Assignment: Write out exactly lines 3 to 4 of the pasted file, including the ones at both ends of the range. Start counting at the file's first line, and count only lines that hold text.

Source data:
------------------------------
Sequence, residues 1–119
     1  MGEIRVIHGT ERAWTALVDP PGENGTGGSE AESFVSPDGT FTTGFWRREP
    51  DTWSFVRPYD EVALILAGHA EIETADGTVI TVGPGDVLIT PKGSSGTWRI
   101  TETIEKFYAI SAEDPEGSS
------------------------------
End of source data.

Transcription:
    51  DTWSFVRPYD EVALILAGHA EIETADGTVI TVGPGDVLIT PKGSSGTWRI
   101  TETIEKFYAI SAEDPEGSS